The salesperson now tells the product ‘story’ to the buyer, often following the AIDA formula of gaining attention, holding interest, arousing desire, and inspiring action. Companies have developed three different styles of sales presentation. The oldest is the canned approach, which uses memorized sales talk that covers the main points. (this will NEVER work in a film production meeting) The formulated approach identifies early the buyer’s needs and buying styles and then uses an approach formulated for this type of buyer. It is not canned but follows a general plan. The need/satisfaction approach starts with a search for the customer’s real needs by encouraging the customer to do most of the talking. This approach calls for good listening and problem-solving skills.
According to experts, there are certain words that make listeners take notice. Apparently, the 15 most persuasive sales words are: discover, money, guaranteed, love, proven, safe, own, best, good, easy, health, new, results, save, and free. It has been suggested that a salesperson needs to introduce a ‘wow’ factor: an intangible element that causes an emotional response in potential buyers, making them take a second look, draw in breath, and say, “Wow, I have to buy that!”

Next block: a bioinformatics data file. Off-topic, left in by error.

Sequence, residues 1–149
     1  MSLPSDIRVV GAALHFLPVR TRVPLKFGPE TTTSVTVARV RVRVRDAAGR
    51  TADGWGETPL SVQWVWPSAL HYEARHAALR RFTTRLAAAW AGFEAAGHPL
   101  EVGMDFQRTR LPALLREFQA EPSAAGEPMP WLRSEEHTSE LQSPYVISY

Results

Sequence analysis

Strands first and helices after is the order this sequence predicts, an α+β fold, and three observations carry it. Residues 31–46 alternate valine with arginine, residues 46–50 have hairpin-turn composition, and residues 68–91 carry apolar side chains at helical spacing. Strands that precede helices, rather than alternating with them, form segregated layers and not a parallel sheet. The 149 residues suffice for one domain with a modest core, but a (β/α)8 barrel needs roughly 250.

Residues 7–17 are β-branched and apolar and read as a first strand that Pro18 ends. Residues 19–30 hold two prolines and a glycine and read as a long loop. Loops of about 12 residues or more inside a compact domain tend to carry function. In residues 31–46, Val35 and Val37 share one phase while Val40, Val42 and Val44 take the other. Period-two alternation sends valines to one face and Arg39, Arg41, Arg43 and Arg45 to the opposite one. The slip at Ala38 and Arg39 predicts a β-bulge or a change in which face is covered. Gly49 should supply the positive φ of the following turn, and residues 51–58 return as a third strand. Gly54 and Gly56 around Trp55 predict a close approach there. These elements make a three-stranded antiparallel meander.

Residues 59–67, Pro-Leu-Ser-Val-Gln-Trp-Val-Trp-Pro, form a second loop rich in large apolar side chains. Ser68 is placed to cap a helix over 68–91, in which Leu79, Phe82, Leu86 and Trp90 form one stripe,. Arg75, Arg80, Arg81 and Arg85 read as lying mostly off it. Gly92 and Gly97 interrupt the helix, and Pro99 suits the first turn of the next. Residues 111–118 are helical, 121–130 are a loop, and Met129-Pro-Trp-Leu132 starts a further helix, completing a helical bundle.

There are two ways to create the wow factor. The first is by introducing a product that is unique. More often than not, this is impossible, so the second way is to add the factor to the sales personality by generating enthusiasm, and delivering what is promised. How does this apply to film commission? Unique offerings might mean an extraordinary shooting location or an unique incentive. These days, while “guarantee” is nearly extinct from the film commission vernacular, “steady, stable, reliable” are key words that a production wants to hear.
“The greatest selling tool we have is the quality and caliber of the films that have been made here.
We can also always assure foreign film makers that the UK has expertise across every stage of production. This means they do not have to pay the large costs involved in bringing people with them.”
– Steve Norris, Former British Film Commissioner